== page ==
*I was given a copy of Christmas at the Borrow a Bookshop in exchange for an honest review. Thank you to Hera Books and Kiley Dunbar.*
‘Tis the season for finding love… and the perfect book
With just two weeks until Christmas, everything in Clove Lore should be perfect. But the latest holidaymaker to the Borrow a Bookshop is feeling far from festive…
Icelandic ex-bookseller Magnús Sturluson might be surrounded by love stories in the Bookshop, but he’s nursing a sadness that not even fiction can fix.
When Alexandra Robinson finds herself stranded in Clove Lore, she finds a safe place to hide from heartbreak. After all, all that’s waiting for her at home is a cheater boyfriend and the memories of her parents. As Alex finds herself embraced by the quirky village community, she finds her tough exterior thawing – and as she grows closer to Magnús, she finds an equally soft heart under his gruff shell.
It seems that Clove Lore is working its magic once again – until a great flood on Christmas Eve brings devastation in its wake. It’s up to Magnús and Alex to batten down the hatches and help bring the village back together again, while also introducing the locals to the Icelandic tradition of the jólabókaflóð – Yule book flood – where families and friends gather on Christmas Eve to exchange books and read together.
But can Magnús and Alex truly rescue the ruins of the village, and salvage their Christmas spirit? Or is there another complication lurking even closer than they thought?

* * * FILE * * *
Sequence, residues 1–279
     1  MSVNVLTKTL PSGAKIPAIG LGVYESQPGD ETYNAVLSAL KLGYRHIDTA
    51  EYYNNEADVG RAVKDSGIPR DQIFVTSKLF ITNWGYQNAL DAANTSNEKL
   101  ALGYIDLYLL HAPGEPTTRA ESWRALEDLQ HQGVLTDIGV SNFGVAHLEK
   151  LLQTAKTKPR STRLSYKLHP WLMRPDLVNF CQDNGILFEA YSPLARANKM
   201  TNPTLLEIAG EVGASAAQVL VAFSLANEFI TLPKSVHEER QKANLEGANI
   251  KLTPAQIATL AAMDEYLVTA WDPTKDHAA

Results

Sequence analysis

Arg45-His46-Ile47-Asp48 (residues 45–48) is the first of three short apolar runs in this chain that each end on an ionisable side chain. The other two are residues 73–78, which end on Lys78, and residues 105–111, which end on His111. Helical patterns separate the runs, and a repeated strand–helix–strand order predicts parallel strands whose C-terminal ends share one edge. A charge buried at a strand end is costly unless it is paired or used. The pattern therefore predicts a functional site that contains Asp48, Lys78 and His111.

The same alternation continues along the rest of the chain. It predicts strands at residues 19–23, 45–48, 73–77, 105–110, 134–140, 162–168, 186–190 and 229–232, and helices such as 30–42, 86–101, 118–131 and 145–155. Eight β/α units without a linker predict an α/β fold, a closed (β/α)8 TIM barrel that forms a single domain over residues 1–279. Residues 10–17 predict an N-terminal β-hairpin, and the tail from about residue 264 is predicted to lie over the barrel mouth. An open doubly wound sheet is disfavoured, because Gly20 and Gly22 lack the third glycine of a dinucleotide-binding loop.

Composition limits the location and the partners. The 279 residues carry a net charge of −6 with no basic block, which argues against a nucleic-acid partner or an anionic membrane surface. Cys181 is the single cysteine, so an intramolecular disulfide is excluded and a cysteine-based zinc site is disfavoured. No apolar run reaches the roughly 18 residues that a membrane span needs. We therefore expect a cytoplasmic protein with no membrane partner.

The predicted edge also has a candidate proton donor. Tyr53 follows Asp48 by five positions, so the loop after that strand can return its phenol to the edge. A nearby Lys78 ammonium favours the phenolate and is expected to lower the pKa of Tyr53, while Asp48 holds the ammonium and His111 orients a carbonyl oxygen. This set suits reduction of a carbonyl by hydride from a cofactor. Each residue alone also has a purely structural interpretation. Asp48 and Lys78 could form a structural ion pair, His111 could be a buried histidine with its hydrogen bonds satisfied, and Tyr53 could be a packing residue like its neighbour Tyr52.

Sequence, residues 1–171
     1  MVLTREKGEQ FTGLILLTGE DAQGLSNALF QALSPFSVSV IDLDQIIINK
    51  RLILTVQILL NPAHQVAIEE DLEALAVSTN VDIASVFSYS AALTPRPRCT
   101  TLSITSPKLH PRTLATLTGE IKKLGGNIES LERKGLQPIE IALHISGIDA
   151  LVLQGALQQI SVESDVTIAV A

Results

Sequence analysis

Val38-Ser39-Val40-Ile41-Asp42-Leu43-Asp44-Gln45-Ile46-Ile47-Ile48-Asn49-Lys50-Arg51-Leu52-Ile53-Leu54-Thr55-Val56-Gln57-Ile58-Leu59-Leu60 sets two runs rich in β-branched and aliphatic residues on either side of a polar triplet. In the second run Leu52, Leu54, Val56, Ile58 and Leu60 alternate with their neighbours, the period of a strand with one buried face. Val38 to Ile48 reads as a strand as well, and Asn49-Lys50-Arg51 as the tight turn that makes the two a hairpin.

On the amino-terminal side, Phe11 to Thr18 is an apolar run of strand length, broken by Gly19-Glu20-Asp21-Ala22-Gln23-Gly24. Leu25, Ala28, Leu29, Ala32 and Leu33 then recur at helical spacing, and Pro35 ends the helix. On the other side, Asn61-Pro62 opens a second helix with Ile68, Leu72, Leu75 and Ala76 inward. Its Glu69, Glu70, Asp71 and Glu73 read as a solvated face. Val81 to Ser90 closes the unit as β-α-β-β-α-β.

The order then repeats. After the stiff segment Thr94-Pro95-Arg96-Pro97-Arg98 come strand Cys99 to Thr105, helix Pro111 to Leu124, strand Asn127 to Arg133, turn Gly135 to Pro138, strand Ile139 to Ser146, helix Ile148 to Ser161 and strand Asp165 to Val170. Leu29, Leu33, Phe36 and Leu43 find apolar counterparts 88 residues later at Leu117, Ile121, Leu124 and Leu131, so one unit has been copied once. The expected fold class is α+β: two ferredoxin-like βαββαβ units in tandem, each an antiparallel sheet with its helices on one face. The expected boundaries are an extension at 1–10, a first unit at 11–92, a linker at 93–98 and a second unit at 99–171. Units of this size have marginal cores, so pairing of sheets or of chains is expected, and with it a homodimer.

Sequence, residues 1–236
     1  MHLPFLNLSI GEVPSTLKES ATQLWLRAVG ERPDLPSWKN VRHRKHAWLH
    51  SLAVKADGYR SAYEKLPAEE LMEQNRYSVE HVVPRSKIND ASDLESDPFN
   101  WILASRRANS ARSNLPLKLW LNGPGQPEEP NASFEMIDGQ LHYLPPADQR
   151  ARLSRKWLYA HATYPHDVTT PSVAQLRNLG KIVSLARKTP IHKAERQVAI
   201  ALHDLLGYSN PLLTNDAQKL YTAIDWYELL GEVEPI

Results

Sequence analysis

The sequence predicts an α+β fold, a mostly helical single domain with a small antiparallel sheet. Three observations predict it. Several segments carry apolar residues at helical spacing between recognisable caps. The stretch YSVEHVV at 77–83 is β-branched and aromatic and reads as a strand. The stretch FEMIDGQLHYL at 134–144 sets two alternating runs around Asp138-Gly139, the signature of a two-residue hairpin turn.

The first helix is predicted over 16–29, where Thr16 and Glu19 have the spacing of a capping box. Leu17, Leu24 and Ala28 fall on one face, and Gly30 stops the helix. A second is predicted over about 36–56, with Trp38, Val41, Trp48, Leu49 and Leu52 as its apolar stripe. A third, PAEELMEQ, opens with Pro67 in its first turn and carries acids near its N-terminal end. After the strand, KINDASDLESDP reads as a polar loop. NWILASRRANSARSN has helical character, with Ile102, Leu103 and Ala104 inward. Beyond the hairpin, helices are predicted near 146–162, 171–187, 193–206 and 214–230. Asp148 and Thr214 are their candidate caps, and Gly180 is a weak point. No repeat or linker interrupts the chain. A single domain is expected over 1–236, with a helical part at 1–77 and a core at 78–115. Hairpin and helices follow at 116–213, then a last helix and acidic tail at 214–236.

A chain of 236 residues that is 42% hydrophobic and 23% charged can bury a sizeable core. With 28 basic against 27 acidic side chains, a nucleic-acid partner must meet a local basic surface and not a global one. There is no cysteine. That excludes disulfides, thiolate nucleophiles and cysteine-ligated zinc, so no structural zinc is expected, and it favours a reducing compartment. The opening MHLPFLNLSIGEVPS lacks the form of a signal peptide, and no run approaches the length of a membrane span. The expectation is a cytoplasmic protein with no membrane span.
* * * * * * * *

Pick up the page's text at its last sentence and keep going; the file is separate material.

This was so much better than Kiley Dunbar’s last Christmas book. I’m not sure if I didn’t enjoy her previous festive release because I listened to the audiobook and I didn’t like them much back then. Either way the story of Christmas at the Borrow a Bookshop was much more interesting. I love the idea of a holiday spent working in a bookshop, especially as it’s very casual. I feel like every book lover has wanted to work in a bookshop at some point and this book captures that feeling very well.
The characters were a lot more likable than Kiley’s previous works, although the main characters of Christmas at the Borrow a Bookshop; Magnus and Alex, were not my favourite they were still pretty decent. The side characters were so endearing and well-developed, which must be because this is the second book set in this location.
This brings me to my next point. I didn’t realise this is technically the second book in the series. But it didn’t seem to matter as for the most part, it reads as a separate book there are just a few spoilers. However, if you aren’t going to read the original Borrow a Bookshop it won’t make a difference. I enjoyed this and its characters so much that I’m considering reading the first book.
The romance in this was ok…I didn’t really find myself rooting for Alex and Magnus. There was clearly chemistry between them but I personally didn’t see a spark.
This isn’t a spoiler because it’s in the synopsis – the flood was very intense. So much so that I didn’t fully comprehend everything that was going on at the time because I wanted to get through it and find all of the characters safe. Happily, I can say that the events following were extremely heartwarming and I love the part where everyone received a book on Christmas Eve. There’s a real sense of community in this book and the small village trope is my absolute favourite in festive stories.
Christmas at the Borrow a Bookshop was a pretty good festive read. Although not my favourite of the year so far, I would definitely still recommend it.
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Like this post? Why not read this one too: The 12 Books of Christmas: Snow Falls Over Starry Cove by Nancy Barone